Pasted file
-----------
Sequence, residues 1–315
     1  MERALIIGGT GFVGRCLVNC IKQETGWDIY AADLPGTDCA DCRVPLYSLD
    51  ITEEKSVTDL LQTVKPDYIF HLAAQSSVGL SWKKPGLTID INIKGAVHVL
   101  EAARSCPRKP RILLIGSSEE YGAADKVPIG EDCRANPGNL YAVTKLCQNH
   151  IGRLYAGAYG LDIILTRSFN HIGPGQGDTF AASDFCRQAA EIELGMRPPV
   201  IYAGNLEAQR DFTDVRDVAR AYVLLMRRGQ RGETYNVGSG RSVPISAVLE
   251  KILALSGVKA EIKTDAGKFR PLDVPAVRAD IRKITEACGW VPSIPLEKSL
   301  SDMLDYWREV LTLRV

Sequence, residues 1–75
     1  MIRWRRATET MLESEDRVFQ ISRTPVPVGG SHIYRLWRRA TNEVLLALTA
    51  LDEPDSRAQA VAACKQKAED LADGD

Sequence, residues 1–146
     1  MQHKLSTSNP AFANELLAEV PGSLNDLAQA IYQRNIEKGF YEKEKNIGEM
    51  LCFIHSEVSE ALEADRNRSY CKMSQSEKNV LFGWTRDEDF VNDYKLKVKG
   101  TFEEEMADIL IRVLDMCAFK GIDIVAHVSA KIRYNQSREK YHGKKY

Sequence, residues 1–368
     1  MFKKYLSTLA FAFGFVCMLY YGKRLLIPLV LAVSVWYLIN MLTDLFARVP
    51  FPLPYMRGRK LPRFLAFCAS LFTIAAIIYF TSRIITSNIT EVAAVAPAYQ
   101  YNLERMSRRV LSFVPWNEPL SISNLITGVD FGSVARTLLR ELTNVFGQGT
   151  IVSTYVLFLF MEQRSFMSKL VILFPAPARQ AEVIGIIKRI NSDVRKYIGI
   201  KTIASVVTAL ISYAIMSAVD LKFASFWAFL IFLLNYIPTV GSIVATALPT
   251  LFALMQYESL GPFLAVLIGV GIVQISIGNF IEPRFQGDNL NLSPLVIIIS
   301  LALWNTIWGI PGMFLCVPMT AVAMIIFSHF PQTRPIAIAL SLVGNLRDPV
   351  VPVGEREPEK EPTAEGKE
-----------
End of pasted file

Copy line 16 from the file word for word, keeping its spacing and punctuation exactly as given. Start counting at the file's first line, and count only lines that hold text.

Sequence, residues 1–368